Seth Rosenbloom – As the Crow Flies
9 songs, 47 minutes
New England has a Blues sound. The home of Duke Robillard, Ronnie Earl, Sugar Ray Norcia and Anthony Geraci, throughout the 1970’s from the bottom of Rhode Island to the top of Maine was bristling with Blues Power. A swinging melting pot of Chicago marching, West Coast Swing, Texas shuffle and a bit of Mass-hole defiance, New England Blues rides a Blues Rock line that tips more Blues than Rock. New England also produces generation after generation of Blues musicians. Current elite Bluesmen and women Monster Mike Welch, Susan Tedeschi and Erin Harpe all learned at the feat of Robillard, Earl and company.
Waltham, MA born guitar firebrand Seth Rosenbloom is a fine ambassador for a new generation of New England Blues. Rosenbloom’s 2nd full length As the Crow Flies features a meeting of generations while presenting a view of how the Northeast sound could be moving forward. A combination of original material, co-writes with local artists and excellently chosen covers, As the Crow Flies snaps along at an unhurried pace, letting the Blues slowly work their way around the listener.
Rosenbloom assembled a murderers’ row of musicians. Top on the bill are the husband-wife team from the Boston collective Band of Killers, Sonya Rae and Ryan Taylor on background vocals and guitar respectively. Duke Robillard Band members Bruce Bears on keys and Mark Teixeira on drums offer veteran polish and flourish. Boston based bassist, and current North Mississippi All Star, Jesse Williams rounds out the rhythm section. Local singing sensation Erica Van Pelt contributes additional background vocals and Michael Rosenbloom (one can assume a relative of Seth’s) adds violin and Andra Voldins Dix adds viola. This is truly a mixing of the generational music scene that is at the core of New England Blues.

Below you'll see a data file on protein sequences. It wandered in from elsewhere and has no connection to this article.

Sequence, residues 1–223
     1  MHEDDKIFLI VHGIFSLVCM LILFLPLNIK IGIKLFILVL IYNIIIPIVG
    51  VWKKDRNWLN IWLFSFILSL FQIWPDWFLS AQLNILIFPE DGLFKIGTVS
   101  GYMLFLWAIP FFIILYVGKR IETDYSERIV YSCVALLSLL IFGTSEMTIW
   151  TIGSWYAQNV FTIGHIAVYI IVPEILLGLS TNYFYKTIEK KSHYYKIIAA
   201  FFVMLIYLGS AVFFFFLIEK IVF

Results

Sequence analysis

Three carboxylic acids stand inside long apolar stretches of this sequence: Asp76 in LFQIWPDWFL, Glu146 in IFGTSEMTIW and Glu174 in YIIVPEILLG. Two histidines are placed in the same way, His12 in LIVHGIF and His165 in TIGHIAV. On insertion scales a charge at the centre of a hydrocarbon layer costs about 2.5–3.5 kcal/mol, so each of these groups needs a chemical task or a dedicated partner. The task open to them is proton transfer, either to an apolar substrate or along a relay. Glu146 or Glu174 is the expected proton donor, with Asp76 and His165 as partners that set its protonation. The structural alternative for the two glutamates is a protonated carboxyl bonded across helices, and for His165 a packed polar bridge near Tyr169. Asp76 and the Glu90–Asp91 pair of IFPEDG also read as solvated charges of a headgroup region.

The music is also cross generational. “Gotta Roll” is a tune penned by Sonya Rae Taylor that shuffles and scrambles. The darkly riffing co-write between Ms. Taylor and Rosenbloom “Did You Try to Break My Heart” is all menace and anguish. These new tunes are put in contrast with the title track, a 1972 Tony Joe White boogie. Here played for maxim thump with Ryan Taylor slashing at Rosenbloom’s lead work with Duane Allman styled slide runs.
The stand out performance on the album that drives home its regional roots is “I Wish You Could See Me Know.” Written by Ronnie Earl and Darrell Nulisch from Ronnie Earl and the Broadcasters’ 1990 landmark recording Peace of Mind, “I Wish…” is a gem of Soul Blues invention from a foundational band. Rosenbloom is not the singer Nullisch is, nor is anyone a guitarist of the same caliber of Earl (except his friend Duke Robillard). What Rosenbloom does is pay homage, pay respect. By being himself and employing his crack band to breathe modern life into this 30 year old song, Rosenbloom transcends and makes the New England Blues his own.
Seth Rosenbloom has crafted a great album in As the Crow Flies. The music is performed with feeling and intention. The tempos are unhurried allowing for extra grind and swagger. There is space and dynamic creating drama for all of Rosenbloom’s solos to scorch. Seth Rosenbloom is showing he understands the lessons to be learned from his elders. He is also taking advantage of the possibility the music holds for the future.